Chlorine

Chlorine is cheap and easy to use, but it may not always get rid of iron bacteria. You may have to treat with chlorine more than once. Both the concentration of chlorine and how long the chlorine solution is in contact with the bacteria are important.

Some people have used continuous chlorine injection into the well, but the Minnesota Department of Health does not usually recommend this. The continuous chlorine injection may hide other bacterial contamination and cause corrosion problems.

Shock Chlorination

"Shock" chlorination is the process of using a strong chlorine solution to disinfect the well and system. The chlorine concentration should be close to but not greater than 200 parts per million (ppm). A concentration greater than 200 ppm reduces how effective the disinfection is.  Before adding the chlorine solution, the well should be pumped until clear or physically cleaned. See the Well Disinfection webpage.

Image shows a person holding a hose connected to outside spigot. The hose in inserted into the well casing.  The waterline from the well is shown going into the house. The chlorinated water is circulated through the well and household plumbing by running the water back into the well through a clean hose, washing down the sides of the well casing.

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Should I test my well water for anything besides iron bacteria?

Yes. Both natural sources and human activities can contaminate well water and cause short-term or long-term health effects. Testing your well water is the only way to detect most of the common contaminants in Minnesota groundwater; you cannot taste, see, or smell most contaminants. Minnesota Department of Health recommends testing for:

  • Coliform bacteria every year and any time the water changes in taste, odor, or appearance. Coliform bacteria can indicate that disease-causing microorganisms may be in your water.
    See Bacterial Safety of Well Water.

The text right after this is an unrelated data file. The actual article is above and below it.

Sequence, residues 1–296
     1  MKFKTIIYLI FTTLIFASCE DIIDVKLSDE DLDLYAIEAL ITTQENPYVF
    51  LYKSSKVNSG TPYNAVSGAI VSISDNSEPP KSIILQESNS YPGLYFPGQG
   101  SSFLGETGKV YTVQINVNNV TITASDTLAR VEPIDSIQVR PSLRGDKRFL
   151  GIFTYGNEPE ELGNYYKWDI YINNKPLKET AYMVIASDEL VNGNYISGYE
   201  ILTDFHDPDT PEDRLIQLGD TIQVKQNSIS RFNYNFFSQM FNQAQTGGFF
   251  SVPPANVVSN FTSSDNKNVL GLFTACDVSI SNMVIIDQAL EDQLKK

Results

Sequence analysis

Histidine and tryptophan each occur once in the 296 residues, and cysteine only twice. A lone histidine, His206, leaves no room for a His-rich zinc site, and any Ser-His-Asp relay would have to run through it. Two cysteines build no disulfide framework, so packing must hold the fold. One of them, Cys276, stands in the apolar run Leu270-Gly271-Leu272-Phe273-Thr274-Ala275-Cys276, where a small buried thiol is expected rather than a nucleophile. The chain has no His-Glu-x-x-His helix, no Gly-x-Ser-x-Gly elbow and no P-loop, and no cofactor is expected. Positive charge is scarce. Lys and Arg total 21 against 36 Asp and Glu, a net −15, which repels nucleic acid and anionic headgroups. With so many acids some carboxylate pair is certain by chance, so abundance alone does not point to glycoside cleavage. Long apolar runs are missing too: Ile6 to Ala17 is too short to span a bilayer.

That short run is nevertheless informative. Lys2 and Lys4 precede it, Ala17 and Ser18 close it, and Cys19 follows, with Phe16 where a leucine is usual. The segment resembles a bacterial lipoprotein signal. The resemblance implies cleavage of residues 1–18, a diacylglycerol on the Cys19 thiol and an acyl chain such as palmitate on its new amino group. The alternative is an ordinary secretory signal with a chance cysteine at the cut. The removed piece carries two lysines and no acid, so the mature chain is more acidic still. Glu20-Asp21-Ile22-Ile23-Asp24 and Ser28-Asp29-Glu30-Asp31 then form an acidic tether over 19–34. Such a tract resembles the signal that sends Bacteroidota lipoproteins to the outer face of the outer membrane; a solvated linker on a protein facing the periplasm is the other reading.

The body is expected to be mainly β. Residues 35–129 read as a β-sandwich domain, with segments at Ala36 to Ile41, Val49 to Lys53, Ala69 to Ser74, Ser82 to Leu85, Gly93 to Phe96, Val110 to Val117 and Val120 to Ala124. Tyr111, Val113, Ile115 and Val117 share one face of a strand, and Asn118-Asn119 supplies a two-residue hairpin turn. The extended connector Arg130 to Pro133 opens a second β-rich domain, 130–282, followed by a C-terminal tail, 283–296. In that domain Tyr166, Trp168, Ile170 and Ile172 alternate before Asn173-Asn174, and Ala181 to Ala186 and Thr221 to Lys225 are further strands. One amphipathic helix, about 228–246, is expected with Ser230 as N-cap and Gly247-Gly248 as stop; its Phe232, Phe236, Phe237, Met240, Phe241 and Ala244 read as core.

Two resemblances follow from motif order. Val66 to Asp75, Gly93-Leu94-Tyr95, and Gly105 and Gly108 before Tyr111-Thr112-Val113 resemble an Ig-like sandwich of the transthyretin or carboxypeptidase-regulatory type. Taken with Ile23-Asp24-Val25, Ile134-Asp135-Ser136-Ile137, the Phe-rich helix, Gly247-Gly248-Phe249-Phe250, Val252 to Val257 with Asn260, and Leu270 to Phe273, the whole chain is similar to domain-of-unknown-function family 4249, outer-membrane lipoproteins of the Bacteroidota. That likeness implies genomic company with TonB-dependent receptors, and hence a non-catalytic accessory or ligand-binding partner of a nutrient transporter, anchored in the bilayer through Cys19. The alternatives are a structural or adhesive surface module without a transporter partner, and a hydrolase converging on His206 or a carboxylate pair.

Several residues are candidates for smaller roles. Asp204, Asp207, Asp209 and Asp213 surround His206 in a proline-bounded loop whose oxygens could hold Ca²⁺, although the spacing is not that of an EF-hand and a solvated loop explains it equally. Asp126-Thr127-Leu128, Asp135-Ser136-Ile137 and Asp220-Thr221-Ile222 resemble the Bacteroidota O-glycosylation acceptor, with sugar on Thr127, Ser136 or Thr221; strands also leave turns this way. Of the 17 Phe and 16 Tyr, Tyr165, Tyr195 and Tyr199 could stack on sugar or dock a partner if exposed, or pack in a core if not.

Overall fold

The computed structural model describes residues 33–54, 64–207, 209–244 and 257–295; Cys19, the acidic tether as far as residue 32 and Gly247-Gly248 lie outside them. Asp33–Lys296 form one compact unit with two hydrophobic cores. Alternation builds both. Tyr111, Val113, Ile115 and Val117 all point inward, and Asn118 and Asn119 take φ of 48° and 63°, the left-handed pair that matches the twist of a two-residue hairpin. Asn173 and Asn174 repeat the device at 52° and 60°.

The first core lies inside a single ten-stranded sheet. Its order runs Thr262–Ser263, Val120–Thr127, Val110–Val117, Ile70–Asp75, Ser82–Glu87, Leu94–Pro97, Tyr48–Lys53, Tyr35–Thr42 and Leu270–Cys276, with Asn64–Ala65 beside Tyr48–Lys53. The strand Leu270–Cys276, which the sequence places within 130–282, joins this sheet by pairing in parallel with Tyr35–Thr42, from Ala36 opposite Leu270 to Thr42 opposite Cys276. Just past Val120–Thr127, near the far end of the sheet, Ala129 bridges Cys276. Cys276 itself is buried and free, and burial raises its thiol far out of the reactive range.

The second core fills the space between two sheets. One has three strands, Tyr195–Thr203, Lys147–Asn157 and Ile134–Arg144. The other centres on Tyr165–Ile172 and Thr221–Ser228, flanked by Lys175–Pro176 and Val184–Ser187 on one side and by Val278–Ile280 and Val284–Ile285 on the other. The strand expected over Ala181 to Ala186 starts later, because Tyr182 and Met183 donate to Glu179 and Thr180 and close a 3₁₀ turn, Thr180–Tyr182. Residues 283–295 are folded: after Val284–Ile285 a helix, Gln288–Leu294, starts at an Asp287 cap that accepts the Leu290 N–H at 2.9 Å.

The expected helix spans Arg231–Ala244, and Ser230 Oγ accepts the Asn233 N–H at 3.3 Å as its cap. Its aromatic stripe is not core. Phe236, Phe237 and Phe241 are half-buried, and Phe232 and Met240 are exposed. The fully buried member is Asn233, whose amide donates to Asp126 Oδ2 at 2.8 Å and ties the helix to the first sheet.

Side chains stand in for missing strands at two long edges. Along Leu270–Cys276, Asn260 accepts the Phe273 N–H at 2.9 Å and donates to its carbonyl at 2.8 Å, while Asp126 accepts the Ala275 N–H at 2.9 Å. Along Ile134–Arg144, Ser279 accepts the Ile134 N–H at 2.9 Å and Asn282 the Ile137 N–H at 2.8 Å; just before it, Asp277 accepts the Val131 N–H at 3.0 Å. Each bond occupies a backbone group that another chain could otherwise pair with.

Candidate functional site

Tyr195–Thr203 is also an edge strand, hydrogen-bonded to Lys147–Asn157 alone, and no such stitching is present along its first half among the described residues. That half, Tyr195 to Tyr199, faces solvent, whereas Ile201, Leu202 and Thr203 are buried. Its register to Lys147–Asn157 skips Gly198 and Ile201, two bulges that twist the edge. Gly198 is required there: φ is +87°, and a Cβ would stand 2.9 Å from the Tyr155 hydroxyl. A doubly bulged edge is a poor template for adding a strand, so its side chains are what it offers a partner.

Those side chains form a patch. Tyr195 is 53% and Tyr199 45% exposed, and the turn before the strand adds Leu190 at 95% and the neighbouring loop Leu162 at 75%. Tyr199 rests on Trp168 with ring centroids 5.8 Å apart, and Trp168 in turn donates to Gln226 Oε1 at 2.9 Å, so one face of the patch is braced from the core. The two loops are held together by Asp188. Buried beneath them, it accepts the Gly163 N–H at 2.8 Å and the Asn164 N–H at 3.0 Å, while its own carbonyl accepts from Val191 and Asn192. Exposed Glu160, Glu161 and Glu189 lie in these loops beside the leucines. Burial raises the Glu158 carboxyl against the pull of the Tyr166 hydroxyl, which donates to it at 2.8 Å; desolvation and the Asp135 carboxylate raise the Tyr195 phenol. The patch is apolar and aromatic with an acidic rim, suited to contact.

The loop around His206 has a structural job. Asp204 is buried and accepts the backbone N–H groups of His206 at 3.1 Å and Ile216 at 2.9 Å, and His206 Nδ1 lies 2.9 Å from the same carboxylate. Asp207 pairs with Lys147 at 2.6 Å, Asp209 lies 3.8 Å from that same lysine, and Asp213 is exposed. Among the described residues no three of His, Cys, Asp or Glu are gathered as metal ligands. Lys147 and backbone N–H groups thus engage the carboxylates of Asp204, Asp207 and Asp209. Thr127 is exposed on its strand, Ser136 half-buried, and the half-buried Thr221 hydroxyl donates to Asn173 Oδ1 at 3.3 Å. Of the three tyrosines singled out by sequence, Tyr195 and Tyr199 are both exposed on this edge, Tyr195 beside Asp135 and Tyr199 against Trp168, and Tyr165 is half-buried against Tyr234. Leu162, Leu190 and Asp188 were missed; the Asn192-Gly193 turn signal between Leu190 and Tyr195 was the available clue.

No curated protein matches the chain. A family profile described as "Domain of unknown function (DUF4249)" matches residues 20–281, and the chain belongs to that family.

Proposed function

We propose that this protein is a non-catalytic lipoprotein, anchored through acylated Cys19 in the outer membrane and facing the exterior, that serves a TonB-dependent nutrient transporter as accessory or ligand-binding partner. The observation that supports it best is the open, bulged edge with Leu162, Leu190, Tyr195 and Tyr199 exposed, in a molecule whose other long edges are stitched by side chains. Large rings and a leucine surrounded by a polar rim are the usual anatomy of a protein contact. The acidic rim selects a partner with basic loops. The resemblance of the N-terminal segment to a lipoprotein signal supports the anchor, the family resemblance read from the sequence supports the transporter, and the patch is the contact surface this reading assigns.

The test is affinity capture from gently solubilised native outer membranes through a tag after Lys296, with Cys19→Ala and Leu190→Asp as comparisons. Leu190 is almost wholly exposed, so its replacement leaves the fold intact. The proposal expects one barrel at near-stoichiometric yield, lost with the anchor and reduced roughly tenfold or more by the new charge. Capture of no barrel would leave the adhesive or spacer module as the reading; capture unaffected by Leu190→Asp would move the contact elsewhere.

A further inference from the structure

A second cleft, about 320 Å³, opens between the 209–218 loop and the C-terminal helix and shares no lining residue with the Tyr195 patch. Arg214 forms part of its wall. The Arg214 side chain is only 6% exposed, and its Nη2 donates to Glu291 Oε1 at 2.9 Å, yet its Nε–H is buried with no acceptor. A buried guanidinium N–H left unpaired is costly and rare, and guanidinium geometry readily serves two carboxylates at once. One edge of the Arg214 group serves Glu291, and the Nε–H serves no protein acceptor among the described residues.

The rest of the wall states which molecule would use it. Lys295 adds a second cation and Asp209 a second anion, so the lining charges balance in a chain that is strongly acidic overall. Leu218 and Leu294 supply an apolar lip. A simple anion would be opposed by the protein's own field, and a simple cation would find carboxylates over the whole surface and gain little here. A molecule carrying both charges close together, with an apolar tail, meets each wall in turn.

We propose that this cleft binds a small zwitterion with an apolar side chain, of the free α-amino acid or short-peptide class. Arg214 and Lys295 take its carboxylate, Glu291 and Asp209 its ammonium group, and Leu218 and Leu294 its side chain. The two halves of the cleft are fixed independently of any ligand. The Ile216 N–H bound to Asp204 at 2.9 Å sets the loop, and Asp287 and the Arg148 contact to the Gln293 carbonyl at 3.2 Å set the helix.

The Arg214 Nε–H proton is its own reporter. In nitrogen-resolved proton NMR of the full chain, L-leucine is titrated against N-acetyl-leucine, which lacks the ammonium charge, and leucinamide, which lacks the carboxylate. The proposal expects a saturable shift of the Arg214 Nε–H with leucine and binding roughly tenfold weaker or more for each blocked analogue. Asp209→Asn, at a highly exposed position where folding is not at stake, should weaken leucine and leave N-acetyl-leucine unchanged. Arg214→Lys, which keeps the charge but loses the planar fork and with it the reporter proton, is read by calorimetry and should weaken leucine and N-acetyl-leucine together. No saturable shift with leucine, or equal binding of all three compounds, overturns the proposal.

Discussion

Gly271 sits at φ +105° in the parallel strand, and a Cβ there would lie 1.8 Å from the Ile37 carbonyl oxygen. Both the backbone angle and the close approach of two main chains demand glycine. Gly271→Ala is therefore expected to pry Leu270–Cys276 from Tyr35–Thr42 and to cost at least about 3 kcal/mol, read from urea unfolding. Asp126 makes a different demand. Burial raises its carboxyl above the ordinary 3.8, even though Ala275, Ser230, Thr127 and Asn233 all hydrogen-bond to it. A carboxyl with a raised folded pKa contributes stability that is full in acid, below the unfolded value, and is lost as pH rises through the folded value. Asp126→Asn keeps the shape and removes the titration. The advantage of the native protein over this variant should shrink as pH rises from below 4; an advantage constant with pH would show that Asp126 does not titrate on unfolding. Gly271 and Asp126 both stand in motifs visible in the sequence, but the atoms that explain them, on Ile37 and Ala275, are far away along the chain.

• Nitrate every other year. Bottle-fed infants under six months old are at the highest risk of being affected by levels of nitrate higher than 10 milligrams per liter in drinking water.
    See Nitrate in Well Water.
  • Arsenic at least once. About 40 percent of wells in Minnesota have arsenic in the water. Drinking water with arsenic in it for a long time can contribute to reduced intelligence in children and increased risks of cancer, diabetes, heart disease, and skin problems.
    See Arsenic in Well Water.
  • Lead at least once. The well and water system may have parts that have lead in them, and that lead can get into drinking water. Lead can damage the brain, kidneys, and nervous system. Lead can also slow development or cause learning, behavior, and hearing problems.
    See Lead in Well Water Systems.
  • Manganese before a baby drinks the water. High levels of manganese can cause problems with memory, attention, and motor skills. It can also cause learning and behavior problems in infants and children.
    See Manganese in Drinking Water.

Other contaminants sometimes occur in private water systems but less often than the contaminants listed above. Consider testing for:

  • Volatile organic chemicals if the well is near fuel tanks or a commercial or industrial area.
  • Agricultural chemicals commonly used in the area if the well is shallow and is near cropped fields or handling areas for agricultural chemicals or is in an area of geologic sensitivity (such as fractured limestone).
  • Fluoride if children or teenagers drink the water.

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Questions?
Contact the MDH Well Management Section
651-201-4600 or 800-383-9808
health.wells@state.mn.us

Minnesota Department of Health
Updated Tuesday, 27-Aug-2019 07:36:58 CDT